The nearly concurrent openings of Revolution Brewing and Longman & Eagle, along with a handful of other new ventures in the neighborhood, have inspired more than a few predictions that Logan Square is in the looming shadow of a development and gentrification tsunami. As if to prove the point, both places have been mobbed since day one by disposable-income-dropping hipsters.
Legions of beer geeks waited longingly through the well-chronicled epic struggle by Handlebar principal Josh Deth to open Revolution Brewing, and now that the taps are flowing they're draining the house brews faster than brewer Jim Cibak can produce them. Lines of stoic bearded dudes stream in and back out again with biceps curled around growlers of hoppy IPAs, roasty stouts, and spicy Belgian-style brews, barely glancing at the beautifully designed room, with its barrel-stave fixtures and full view of the brewery's raw industrial operations.
Meanwhile chef Jason Petrie does battle in a half-concealed kitchen, struggling to feed the masses inspired yet beer-friendly food and striving to appease both carnivores and the vegetarians migrating from the more plant-eater-friendly Handlebar. So far the results are mixed.
House-made charcuterie is becoming the chicken breast of new restaurants. But cured meats actually make a lot of sense in a brewpub—just not Revolution's mushy sausages, pale fatty hams, and cured pork belly inexplicably drizzled with truffle oil, or for that matter the hilarious vegan rye bread they're served with. On paper a bowl of bacon-fat popcorn sounds like a perfect beer companion, but in practice it's a top-heavy mass with chunks of bacon and clods of shredded Parmesan—the antithesis of finger food. Petrie has a tendency to gild the lily like this: see also his 16-ounce cold-smoked-and-grilled rib eye, slathered in a thick oxtail "sauce" that contains a nearly comparable portion of braised oxtails.
The simplest efforts—tangy, plump smoked buffalo wings, crispy ale-battered scrod—come off the best. Pizzas are offered in a few interesting variants, like duck confit or a corned beef special, but though the outer edges are respectably crispy, the centers tend to get overwhelmed by toppings. Beef patties are served on large misshapen buns, accessorized with toppings like pepper jack and pulled pork or Gorgonzola with cremini mushrooms and crispy shallots; a corned beef Reuben special (not to be confused with the regularly offered tempeh Reuben) made better use of that vegan rye. And the kitchen has a way with spuds, offering them three equally successful ways: long crispy fries, blue cheese potato salad, and fluffy garlic-cream cheese mashed. The last comes in a deep bowl of Flemish stew with an ale and balsamic gravy. Just give me some of that—but hold the tough, gnarly slabs of brisket—and I'll be happy.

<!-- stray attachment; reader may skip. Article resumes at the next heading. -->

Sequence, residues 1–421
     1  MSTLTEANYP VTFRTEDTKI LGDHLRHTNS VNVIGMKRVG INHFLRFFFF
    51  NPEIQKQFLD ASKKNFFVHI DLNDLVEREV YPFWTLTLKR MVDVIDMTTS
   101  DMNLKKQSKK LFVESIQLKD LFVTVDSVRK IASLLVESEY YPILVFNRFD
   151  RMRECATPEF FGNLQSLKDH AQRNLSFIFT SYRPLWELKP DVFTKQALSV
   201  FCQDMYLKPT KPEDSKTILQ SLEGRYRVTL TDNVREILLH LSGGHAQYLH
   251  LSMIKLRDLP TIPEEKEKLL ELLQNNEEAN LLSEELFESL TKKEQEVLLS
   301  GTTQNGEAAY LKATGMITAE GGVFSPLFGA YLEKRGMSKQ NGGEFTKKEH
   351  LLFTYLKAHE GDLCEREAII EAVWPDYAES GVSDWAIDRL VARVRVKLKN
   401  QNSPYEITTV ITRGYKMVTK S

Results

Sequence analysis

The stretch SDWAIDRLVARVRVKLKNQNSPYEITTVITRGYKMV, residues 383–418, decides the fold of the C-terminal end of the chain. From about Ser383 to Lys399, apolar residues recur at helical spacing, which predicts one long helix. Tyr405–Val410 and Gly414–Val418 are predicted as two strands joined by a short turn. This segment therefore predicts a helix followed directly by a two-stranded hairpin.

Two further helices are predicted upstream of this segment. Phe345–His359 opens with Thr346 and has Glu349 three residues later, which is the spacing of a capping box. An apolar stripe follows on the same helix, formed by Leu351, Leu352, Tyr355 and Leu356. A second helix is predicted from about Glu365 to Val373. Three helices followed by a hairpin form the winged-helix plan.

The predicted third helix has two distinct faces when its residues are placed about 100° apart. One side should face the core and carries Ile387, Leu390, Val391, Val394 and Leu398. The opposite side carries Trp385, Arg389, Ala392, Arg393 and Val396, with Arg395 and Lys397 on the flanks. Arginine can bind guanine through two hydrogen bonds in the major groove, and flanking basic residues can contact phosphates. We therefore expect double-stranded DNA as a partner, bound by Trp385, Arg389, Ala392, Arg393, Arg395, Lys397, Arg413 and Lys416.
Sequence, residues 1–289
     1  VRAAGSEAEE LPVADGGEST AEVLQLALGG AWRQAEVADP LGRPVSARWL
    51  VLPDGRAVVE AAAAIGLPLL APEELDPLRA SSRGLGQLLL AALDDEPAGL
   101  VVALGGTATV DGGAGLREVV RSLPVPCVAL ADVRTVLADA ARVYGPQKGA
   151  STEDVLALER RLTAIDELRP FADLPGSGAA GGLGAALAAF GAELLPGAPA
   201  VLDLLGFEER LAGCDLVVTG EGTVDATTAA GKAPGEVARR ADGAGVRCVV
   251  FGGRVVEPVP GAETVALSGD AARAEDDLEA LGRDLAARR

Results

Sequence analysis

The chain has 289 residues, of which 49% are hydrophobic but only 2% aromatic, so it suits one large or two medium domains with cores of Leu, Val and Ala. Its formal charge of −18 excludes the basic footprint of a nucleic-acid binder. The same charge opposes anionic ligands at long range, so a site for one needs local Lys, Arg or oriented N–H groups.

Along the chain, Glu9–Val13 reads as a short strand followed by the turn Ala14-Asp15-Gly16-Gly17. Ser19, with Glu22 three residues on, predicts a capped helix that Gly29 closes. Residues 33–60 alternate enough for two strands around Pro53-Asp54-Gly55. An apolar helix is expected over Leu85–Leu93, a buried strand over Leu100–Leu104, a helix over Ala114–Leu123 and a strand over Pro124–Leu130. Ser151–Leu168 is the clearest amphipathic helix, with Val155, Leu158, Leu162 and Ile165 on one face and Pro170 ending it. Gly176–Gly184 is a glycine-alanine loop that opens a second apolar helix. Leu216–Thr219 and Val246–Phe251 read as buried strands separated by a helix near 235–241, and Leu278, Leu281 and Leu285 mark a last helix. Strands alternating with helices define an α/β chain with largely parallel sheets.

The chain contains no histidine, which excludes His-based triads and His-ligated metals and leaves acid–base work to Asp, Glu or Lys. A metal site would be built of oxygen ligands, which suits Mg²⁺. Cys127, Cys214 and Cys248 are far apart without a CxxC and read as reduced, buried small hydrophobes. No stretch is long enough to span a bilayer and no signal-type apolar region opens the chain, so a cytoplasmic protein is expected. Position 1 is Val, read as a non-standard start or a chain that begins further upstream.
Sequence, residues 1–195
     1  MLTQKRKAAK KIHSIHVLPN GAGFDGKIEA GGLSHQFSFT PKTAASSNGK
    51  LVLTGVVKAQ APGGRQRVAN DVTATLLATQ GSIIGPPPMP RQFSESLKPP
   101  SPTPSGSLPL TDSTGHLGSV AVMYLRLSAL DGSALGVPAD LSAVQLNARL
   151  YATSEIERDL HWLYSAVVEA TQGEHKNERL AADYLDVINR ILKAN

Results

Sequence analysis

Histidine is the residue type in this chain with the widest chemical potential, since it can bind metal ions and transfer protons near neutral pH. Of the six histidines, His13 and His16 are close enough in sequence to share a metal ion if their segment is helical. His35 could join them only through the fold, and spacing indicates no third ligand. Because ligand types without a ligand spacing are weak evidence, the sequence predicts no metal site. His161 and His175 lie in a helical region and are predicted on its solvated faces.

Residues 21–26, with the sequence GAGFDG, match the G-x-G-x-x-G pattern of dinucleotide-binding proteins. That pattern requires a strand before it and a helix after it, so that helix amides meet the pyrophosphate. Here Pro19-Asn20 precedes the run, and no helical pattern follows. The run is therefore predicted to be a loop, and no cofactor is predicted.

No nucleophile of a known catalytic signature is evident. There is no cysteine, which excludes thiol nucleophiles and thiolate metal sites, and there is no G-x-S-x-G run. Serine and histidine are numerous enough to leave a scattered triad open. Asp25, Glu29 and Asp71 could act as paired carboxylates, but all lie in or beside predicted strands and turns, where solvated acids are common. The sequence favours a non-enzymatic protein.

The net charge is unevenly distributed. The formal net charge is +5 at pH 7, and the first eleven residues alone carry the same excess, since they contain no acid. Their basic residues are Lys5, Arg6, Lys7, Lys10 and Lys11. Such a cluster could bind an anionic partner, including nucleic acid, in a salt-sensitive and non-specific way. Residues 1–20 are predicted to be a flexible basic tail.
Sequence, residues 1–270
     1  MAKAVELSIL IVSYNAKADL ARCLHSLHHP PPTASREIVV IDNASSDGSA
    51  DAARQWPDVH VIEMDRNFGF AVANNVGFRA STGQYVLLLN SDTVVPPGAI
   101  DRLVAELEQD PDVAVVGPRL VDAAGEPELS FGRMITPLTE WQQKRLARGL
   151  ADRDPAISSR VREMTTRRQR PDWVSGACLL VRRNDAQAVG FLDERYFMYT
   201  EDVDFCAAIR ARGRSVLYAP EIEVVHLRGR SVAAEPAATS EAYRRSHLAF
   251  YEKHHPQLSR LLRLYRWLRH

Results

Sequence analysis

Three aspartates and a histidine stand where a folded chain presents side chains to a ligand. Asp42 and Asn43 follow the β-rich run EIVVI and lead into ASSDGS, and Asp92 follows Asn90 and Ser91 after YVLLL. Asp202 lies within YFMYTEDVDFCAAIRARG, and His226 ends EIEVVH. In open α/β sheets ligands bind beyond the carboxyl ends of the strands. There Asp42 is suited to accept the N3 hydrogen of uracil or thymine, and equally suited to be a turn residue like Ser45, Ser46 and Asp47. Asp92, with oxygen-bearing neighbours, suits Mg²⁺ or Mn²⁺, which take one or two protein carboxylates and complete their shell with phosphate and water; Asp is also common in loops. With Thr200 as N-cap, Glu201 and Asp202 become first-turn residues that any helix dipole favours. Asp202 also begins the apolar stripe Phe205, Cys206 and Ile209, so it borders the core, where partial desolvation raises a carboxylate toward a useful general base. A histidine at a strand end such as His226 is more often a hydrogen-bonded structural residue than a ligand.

At Longman & Eagle, a tavern fronted by Empty Bottle pooh-bahs Bruce Finkleman and Peter Toalson, the throngs so far have been as apt to tie up the tables early Monday evening as they are late Friday night. I hope designer-partner Robert McAdams (whose work here is reminiscent of what he did at Branch 27) has soundproofed against the din that will otherwise bleed into the rooms of the B and B planned for upstairs. The food is executed by Jared Wentworth, who after decamping for Seattle from Andersonville's fish-centric Atlantique a few years back became yet another proponent of snout-to-tail eating. He seems as determined to ward off vegetarians and those of timid taste as he is to draw in fearless fellow chefs, who've taken advantage of the late hours to gather round the plates of onion-jelly-topped tall roasted marrow bones that fly out of the open galley.
Wentworth's meat challenge goes on and on: Kobe meatballs, duck rillettes, fat slabs of salty bacon-armored paté—squab one night, rabbit another, woodcock on a third—and a recent special of tete de cochon, not a whole pig's head but a crispy headcheese croquette atop a bed of stinging nettles (which don't sting once braised). Even the fish dishes can't escape mammalian adornments: catfish is topped with ham-hock relish, and seared tuna swims in foie jus.
Whether all of these ought to be braved regardless of your disposition toward adventure is another matter. The brat-size house-made sausage on a bun is dry and underseasoned, but the wild boar sloppy joe is a scarfable Tuscan ragu sandwich topped with crunchy frazzled onions and, more questionably, a whole fat fuck-you of a pickled jalapeño. A sunny-side up duck egg layered on a beef tongue hash is a satisfying late-night breakfast, and might even inoculate you against the dozens of whiskeys behind the bar. The sprinkling of perfect crispy-fried Ipswich clams on an oversize block of toasted brioche, though, is sure to provoke frustration in anyone who's ever dropped a few bucks at an actual clam shack. Even on a single plate execution can diverge to extremes—beautiful braised rolled veal breast is a meaty paragon, but its partner, a short rib stuffed in undercooked manicotti, just looks embarrassed for itself. That and a huge undercooked candied apple in a pool of bourbon anglaise with a squibble of pureed butternut squash say to me that sometimes things are coming out of the weeds before they're ready.